Author of this article


GaijinPot is an online community for foreigners living in Japan, providing information on everything you need to know about enjoying life here, from finding a job and accommodation to having fun.

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  • Me San says:

    Interesting article. What I don`t like is the apologetic tone of everyone who was quoted, though I know this is the `Japanese way.` As a train-related employee, I understand a certain level of restraint and customer service, but as a customer riding on the train or making my way thru a station, there is no possible way I would ever hang my head lowly and apologize for toward someone else’s obnoxious or rude behavior.

    Honestly, nobody ever displays perfect public behavior and manners throughout their entire life. One`s considered rude to one person, is a non-issue to the next. It`s dependent upon each individuals social code, and it`s a wide margin for error. For me, I think it`s silly that a girl will put her make-up on while riding the train, but it doesn`t bother me enough to call it rude. Perhaps to someone else, it`s the end of the world. Even as wild of an example as I can think of, if I saw someone laying across the rain seats – I could see that as being rude. But maybe the two stops before I got on there wasn`t anyone there, so that`s why the person laid down. But as long as when someone who asks if they can have a seat sparks the person to sit up and perhaps offer a short and sweet `sorry`, is it that much of a foul against humanity?

    I`ve watched people cutting heir finger nails on the train, with the remnants flying all over the floor and seat. Seen people run into others very hard in their attempt to get on or off the train. People touching people. Bluntly telling someone else to shut up. The list goes on and on. I think that most Japanese who behave in this manner do it simply because they expect the other person will `back down`, look away scared and cower in the corner – or walk away. And typically, that`s the reaction I witness when these encounters occur. It`s more rare to see someone actually reply back in the same aggressive manner, but when they draw the line in the sand to say `screw you`, I never see much bravado thrust forth after that.

    Being an American and having a different perspective on personal space and the whole `bumping into people` phenomenon` that plagues Japan – my attitude and view is to keep to myself and try to be as invisible as possible. I`ve offered my seat to an elderly person from time to time. I`ve turned down my iPod volume if I thought it was peeking out from my headphones. I`ve moved and twisted to be polite and not bump people. But there does come a time where you can`t be a doormat for everyone, or try to accommodate every last person who`s standing in line to gripe about every last thing you do. I`m polite, but assertive.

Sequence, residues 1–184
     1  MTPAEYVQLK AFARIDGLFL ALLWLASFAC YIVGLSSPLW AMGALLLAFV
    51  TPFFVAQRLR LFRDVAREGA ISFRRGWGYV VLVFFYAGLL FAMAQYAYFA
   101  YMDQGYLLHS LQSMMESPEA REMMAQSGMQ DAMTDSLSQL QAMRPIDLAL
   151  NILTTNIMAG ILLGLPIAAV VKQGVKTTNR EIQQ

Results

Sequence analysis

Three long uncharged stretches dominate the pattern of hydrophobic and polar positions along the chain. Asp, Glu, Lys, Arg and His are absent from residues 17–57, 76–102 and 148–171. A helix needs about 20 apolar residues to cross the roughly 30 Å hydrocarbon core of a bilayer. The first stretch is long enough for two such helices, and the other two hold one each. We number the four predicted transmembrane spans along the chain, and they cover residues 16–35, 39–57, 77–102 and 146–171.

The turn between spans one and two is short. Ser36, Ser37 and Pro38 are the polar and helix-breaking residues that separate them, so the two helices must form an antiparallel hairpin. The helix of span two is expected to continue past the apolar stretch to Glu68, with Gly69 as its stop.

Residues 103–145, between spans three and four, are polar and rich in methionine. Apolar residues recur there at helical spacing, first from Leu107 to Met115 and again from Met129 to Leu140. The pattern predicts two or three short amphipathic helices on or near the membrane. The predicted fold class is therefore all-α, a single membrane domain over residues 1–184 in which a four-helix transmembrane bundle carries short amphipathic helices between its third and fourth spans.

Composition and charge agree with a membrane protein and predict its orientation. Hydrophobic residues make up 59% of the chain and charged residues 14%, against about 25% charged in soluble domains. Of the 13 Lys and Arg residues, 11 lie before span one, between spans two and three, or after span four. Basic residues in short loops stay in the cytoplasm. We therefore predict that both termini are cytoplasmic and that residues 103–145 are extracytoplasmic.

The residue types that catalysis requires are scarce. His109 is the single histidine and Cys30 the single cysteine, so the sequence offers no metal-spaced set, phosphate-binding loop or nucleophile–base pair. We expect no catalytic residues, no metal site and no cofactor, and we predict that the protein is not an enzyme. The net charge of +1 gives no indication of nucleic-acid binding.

If I`m walking down the street and coming my way are 4-5 people walking hand in hand, and they don`t have enough sense to see that they are taking up the entire sidewalk and have no intension of offering me some clear space of my own, then I will walk right into them, push my way thru so they can see that I am not being polite about it. And if they stop or glare at me or say something, I am more than happy to reply back to them to get out of the way. Same on a train when the publicly accepted way to exit a crowded train is to herd out and push like cattle or an ant colony. I see people riding bicycles and can`t move out of the way for foot traffic. People on scooters and motorcycles who ride in between lanes if traffic or cut to the shoulder to stop at the front of the lane at a red light. People groping others on a train. If everyone hear continues to just turn a blind eye toward it, then it will continue on and on.

    I applaud the man who was arrested for the Shibuya stabbing. Finally, one knife-weilding Japanese person who is a hero to so many of us.